The 2020 Vanderhall Edison three-wheeler is a fun way to go green

Planes, trains, automobiles and, even ships: No segment will be left untouched in the march towards a greener, more sustainable future—and going electric. Even a boutique company out of Utah that builds three-wheel playthings sees the writing on the wall. When the all-electric Vanderhall Edison 2 three-wheeler hits dealer lots in the third quarter of 2020 it will be the company’s third model line and will cost $34,950.

Air cooled, but not simple.

Edison’s powertrain is entirely air-cooled. The front-mounted 28-kilowatt-hour battery pack powers two 52-kilowatt electric motors. Each motor is individually connected to a front-wheel via a belt-driven setup with a planetary gearset mounted to the front wheels. Combined, the entire setup is good for about 140 horsepower and 232 pound-feet of torque. It’s not EPA-rated, but Vanderhall said it’s good for about 200 miles of the real-world range including up and down canyon roads. At a Level 2 charge point, it will take about four hours to fully charge Edison’s battery with its 6-kW onboard charger. That increases to 11-18 hours on Level 1.

Push the start button and there’s no drama. No noise. No fun animations on the non-existent screens. With no transmission, just its direct-drive setup, there is no true way to put Edison in the park. The gear selector allows for neutral, reverse, and drive. Never forget the parking brake.

It’s different.

The torque doesn’t hit the wheels instantly despite the direct-drive system. The belt-driven gear reduction setup at the front wheels allows power to come on like a wave—similar to that of an internal combustion engine as one accelerates into the rev band except there’s no pause in the power for gear changes.

A distinct whine comes from the drive system, and it increases as power and speed build. There are no regenerative braking settings to mess with, but the Edison has a fixed amount of regen that seemed to mimic that the drag of an internal combustion engine and progressively decreased Edison’s speed when letting off the accelerator.

The Edison sits low to the ground, and with little to no bodywork around occupants, they’ll get what can only be described as an open-air treatment. Visibility is perfect with zero obstructions, though if occupants are over 5’10” the windshield height could pose an issue. Manually-operated side mirrors are round and barely do the trick as they vibrate while driving down the road, but they look the part.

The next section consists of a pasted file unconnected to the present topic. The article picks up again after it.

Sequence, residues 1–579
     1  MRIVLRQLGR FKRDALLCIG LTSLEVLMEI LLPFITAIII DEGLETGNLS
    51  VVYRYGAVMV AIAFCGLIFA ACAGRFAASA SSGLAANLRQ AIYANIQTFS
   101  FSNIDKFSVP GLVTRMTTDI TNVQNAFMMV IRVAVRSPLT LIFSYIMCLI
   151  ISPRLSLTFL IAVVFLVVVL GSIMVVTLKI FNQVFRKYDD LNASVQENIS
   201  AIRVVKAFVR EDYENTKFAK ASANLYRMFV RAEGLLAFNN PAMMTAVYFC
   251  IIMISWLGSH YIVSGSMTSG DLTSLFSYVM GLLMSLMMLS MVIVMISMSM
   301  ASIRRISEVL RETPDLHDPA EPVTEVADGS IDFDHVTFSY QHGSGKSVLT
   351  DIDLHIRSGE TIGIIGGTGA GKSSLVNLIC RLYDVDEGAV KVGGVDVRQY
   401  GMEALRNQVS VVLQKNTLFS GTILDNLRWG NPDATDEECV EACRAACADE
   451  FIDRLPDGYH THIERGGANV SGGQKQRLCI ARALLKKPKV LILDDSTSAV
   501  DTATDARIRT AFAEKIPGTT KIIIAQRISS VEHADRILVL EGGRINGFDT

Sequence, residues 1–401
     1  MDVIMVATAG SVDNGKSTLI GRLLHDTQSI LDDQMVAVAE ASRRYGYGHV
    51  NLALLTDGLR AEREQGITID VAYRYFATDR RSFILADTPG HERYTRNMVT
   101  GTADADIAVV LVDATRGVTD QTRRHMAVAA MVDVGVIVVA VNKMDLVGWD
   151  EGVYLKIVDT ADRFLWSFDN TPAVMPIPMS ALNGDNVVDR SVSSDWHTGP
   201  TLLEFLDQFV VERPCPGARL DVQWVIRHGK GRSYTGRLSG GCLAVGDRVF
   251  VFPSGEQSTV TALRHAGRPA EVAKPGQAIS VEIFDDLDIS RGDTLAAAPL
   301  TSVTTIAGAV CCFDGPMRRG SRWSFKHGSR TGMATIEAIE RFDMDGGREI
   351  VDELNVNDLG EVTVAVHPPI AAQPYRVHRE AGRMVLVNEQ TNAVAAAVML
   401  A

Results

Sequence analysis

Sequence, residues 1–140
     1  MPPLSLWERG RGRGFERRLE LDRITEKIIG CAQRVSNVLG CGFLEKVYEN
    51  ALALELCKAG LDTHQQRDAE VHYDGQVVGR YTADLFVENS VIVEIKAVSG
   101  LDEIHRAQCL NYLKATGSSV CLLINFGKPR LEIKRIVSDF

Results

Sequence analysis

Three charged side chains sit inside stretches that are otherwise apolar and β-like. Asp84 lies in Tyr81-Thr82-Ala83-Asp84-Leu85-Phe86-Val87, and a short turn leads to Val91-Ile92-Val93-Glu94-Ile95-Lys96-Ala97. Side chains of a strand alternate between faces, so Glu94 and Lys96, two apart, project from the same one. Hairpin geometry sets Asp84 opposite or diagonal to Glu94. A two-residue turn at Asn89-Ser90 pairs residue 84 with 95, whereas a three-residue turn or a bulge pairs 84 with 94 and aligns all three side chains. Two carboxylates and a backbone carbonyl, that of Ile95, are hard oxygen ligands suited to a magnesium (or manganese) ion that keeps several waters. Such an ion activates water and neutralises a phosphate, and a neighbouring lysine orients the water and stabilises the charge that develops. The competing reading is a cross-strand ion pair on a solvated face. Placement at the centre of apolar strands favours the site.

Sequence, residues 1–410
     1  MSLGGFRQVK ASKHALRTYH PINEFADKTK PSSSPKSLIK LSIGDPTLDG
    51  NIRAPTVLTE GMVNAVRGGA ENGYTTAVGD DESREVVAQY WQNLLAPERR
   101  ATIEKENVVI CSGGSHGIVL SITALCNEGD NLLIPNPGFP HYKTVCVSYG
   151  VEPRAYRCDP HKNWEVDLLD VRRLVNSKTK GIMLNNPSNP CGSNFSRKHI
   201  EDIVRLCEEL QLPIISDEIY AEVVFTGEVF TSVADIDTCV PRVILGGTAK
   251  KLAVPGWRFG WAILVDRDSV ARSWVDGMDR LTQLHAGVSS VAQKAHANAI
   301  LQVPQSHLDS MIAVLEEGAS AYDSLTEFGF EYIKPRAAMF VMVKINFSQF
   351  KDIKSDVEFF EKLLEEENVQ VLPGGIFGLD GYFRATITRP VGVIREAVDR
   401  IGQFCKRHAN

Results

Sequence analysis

The Edison is about the look perhaps more than how it drives—and the design is one of simplicity. The exterior body is smooth and there are no old-school buckles on the hood to open things up, it’s fixed in place with bolts. Vanderhall doesn’t believe its customers will want to open the Edison up and mess with things according to Vanderhall spokesman Daniel Boyer.

Inside the throwback dashboard in Edison, there was a simple black affair with three gauges (speedometer, battery meter, and power meter with an electric motor temp gauge inside of the power meter dial), pushbutton start, a metal toggle switch for the hazards and one for the Bluetooth system, a knob for volume and track forward/back, and a glovebox. It’s clean, it’s easy-to-use and read on the move, and it’s attractive. In an era of over-stimulating screens, it’s refreshing. Of course, the most important bit in the Edison might be the metal switch mounted next to each seat that turns on the seat heaters for those chilly days.

Vanderhall sold about 1,000 (gas-powered) three-wheelers last year and expects that number to increase about 2,000 this year. Boyer wouldn’t talk specific volumes for the Edison but expects to sell “hundreds” with most of 2020’s volume finding its way to Europe due to incentives there.

Vanderhall, and electric three-wheelers, do not currently qualify for federal tax incentives due to, as Boyer put it, politics. But for more background, check out Green Car Reports coverage of autocycle rulemaking.

This Edison was the second production model finished just two days before the test drive. Production is underway now with deliveries slated to begin as soon as dealerships are prepped for service and sales support. Boyer expects that to be before June. The goal is to hopefully have sales kept within a 50-mile radius of dealers that can support the Edison.

When it launches, this model will be badged the Edison 2, with a more luxurious Edison 4 model (based on the premium Vanderhall Carmel model with doors, cruise control, wooden steering wheel and more) in late 2020 or 2021. There’s also room above and below for an Edison 1 and 3, said Boyer.

The Edison isn’t cheap, as it’s not a car one can feasibly daily-drive with no storage to speak of, no top, and little to no practicality for $34,950, but it’s an experience that almost nothing else on sale in the U.S. today can provide with zero emissions and a cool factor that is hard to beat.